Subscribe to the BioNews newsletter for free

Login
Advanced Search

Search for
BioNews

Like the Progress Educational Trust on Facebook


The Fertility Show


 

Study finds gene linked to male infertility

04 October 2010

By Owen Clark

Appeared in BioNews 578

A study has shown that mutations in the NR5A1 gene may be responsible for many unexplained cases of male infertility.

The research team, led by scientists from the Pasteur Institute in Paris and Institute of Child Health in London, screened a group of 315 men who were unable to produce sperm, for mutations in the gene NR5A1.

The gene encodes for a protein that has a critical role in the development of the reproductive organs and in reproduction, and has previously been linked to problems with sexual development in both men and women.

The researchers found that seven of the effected individuals had mutations in this gene, while no mutations were found in a control group of 729 men who had normal sperm production.

Four of these men were also found to have altered levels of sex hormones, and another had testicular abnormalities, suggesting a link between the mutations and the problems with sperm production.

The study, published in the American Journal of Human Genetics, represents an important step in the search for genes that may be responsible for male infertility, which accounts for 30 to 50 percent of the fertility problems faced by couples trying to conceive.

The authors told the BBC: 'Approximately four percent of men with otherwise unexplained failure to produce sperm carry mutations in the NR5A1 gene'.

To date only a small number of genes have been linked to male infertility, with the majority of sperm production problems having no obvious cause.

Dr Allan Pacey, a fertility expert from Sheffield University said: 'Although this gene defect affects only a small number of men, we need more studies like this so we can fill in the gaps in our knowledge and possibly one day build a robust diagnostic test for male fertility based on genetics'.

SOURCES & REFERENCES
American Journal of Human Genetics | 30 September 2010
 
BBC News | 30 September 2010
 

RELATED ARTICLES FROM THE BIONEWS ARCHIVE

23 July 2012 - by Antony Blackburn-Starza 
Results of the first study to sequence the genomes of individual sperm cells obtained from one person have revealed significant genetic differences between them, confirming the belief that each sperm is unique. It is hoped the technique could be applied in fertility treatments to identify genetic mutations that may occur in the recombination process...
13 June 2011 - by Kyrillos Georgiadis 
A new fertility test for men which can detect DNA damage in sperm has been developed in the UK. The test, called SpermComet, could save couples undergoing fertility treatment both time and money, since it will allow clinics to fast-track patients to the most appropriate treatment, say its developers...
31 May 2011 - by Dr Caroline Hirst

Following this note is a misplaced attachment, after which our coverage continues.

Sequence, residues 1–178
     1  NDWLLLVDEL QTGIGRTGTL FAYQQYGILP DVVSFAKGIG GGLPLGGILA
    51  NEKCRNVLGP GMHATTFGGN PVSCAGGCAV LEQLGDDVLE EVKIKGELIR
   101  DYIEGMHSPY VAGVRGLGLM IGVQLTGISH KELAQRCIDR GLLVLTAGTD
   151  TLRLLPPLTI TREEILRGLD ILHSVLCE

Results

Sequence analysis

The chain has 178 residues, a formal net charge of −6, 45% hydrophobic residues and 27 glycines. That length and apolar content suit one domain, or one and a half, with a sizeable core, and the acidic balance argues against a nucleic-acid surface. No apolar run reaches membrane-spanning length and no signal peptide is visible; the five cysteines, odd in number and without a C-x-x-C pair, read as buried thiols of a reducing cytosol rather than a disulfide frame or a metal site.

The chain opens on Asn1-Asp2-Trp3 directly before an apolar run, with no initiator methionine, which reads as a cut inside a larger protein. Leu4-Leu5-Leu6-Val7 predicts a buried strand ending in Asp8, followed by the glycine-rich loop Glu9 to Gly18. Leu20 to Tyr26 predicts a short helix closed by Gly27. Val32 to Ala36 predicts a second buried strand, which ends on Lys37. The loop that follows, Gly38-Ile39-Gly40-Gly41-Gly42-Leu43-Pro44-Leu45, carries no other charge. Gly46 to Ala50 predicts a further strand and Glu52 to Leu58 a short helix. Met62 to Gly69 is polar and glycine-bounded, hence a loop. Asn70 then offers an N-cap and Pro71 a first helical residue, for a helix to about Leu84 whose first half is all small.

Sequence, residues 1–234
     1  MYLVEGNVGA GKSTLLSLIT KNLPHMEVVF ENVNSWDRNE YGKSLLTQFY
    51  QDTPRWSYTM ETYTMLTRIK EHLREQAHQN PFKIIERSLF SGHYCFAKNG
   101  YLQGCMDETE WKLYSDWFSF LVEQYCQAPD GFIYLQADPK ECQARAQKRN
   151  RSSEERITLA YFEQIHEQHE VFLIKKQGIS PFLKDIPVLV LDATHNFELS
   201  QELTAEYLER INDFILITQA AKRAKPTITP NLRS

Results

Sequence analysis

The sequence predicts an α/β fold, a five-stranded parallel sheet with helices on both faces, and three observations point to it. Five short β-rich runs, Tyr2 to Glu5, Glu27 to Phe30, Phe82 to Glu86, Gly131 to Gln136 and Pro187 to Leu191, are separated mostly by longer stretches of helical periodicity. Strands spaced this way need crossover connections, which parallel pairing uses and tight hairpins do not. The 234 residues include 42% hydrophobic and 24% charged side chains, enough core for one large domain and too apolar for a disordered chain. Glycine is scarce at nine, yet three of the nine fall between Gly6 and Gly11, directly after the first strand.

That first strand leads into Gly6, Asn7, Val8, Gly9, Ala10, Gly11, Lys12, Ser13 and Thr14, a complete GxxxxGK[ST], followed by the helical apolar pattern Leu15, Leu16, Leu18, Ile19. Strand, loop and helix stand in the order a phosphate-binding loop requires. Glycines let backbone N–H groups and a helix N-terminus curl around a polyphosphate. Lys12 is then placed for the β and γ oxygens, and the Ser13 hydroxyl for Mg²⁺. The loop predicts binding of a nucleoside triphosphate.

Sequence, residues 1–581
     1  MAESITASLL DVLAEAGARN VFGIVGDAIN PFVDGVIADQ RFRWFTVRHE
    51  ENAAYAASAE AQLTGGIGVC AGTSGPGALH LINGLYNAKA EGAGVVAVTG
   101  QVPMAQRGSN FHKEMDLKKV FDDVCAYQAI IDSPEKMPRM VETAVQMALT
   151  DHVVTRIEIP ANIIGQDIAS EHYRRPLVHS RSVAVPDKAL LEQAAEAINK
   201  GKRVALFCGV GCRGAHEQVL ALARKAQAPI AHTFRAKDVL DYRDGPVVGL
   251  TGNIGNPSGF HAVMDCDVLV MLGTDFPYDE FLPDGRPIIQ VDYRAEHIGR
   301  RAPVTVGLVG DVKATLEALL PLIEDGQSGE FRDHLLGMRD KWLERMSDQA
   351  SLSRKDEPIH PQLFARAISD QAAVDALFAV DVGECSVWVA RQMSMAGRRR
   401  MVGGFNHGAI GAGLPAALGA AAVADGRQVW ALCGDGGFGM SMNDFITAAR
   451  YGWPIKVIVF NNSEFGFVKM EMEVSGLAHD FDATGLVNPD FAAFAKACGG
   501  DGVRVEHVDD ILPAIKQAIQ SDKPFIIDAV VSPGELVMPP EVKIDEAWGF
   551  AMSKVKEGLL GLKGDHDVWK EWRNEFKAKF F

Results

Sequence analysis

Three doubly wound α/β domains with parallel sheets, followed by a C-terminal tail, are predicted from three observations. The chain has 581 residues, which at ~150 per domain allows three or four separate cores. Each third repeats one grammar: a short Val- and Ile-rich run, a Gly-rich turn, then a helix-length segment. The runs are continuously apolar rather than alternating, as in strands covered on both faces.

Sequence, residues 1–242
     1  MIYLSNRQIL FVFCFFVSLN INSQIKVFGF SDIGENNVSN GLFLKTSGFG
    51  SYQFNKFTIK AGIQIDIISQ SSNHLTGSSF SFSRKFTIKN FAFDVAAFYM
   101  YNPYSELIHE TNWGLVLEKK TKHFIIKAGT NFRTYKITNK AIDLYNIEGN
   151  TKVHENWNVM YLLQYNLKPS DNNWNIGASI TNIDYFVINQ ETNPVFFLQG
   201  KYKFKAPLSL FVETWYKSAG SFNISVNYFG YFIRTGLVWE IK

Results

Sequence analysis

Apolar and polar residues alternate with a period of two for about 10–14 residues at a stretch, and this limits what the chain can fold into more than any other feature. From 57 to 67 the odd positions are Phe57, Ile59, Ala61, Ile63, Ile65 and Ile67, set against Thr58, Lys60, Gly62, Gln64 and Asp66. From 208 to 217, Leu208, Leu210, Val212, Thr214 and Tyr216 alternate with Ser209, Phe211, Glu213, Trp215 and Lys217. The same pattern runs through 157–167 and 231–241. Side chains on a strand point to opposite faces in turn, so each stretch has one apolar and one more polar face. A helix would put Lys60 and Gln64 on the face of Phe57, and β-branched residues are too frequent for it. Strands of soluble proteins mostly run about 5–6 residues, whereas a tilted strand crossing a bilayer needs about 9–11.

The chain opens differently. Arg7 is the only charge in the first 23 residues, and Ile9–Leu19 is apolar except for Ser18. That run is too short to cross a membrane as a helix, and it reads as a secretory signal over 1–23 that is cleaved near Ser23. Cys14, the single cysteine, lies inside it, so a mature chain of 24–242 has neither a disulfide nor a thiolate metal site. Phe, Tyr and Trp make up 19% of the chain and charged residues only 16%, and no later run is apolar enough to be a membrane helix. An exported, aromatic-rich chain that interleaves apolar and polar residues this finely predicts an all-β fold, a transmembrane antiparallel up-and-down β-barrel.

Researchers from Johns Hopkins University, USA, have found a link between female infertility and genetic variation in a gene regulating cholesterol uptake...
21 February 2011 - by Sujatha Jayakody 
A bone cell hormone can regulate male fertility hormone testosterone, a study on mice has found. Male mice engineered to produce little osteocalcin, a hormone released by bone cells called osteoblasts, had smaller litters and testes than unmodified mice...
15 November 2010 - by Seil Collins 
New preliminary research suggests a possible link between the use of mild painkillers during pregnancy and the birth of male children with congenital cryptorchidism, more commonly known as undescended testes, a condition which reduces male fertility. The rates of undescended testes seen in the study remained relatively low....

09 August 2010 - by Victoria Kay 
A chemical found in some common plastics may be linked to reduced fertility in men, according to a new report. A US study found that men with the highest levels of Bisphenol A (BPA) in their urine had a sperm count 23 per cent lower on average than those with the lowest BPA levels...
19 July 2010 - by Dr Marianne Kennedy 
A gene crucial for sperm production in humans is also needed to make sperm in many other animals including mice, sea urchins, flies and worms, scientists in Chicago, US, have discovered...
15 February 2010 - by Gozde Zorlu 
Boys conceived through IVF tend to have short fingers - a trait linked to infertility, say researchers in a study published in the journal of Reproductive Biomedicine Online...

HAVE YOUR SAY
Be the first to have your say.

You need to or  to add comments.

By posting a comment you agree to abide by the BioNews terms and conditions


- click here to enquire about using this story.

Published by the Progress Educational Trust

CROSSING FRONTIERS

Moving the Boundaries of Human Reproduction

Public Conference
London
8 December 2017

Speakers include

Professor Azim Surani

Professor Magdalena Zernicka-Goetz

Professor Robin Lovell-Badge

Sally Cheshire

Professor Guido Pennings

Katherine Littler

Professor Allan Pacey

Dr Sue Avery

Professor Richard Anderson

Dr Elizabeth Garner

Dr Jacques Cohen

Dr Anna Smajdor

Dr Andy Greenfield

Vivienne Parry

Dr Helen O'Neill

Dr César Palacios-González

Philippa Taylor

Fiona Fox

Sarah Norcross


BOOK HERE

Good Fundraising Code

Become a Friend of PET HERE and give the Progress Educational Trust a regular donation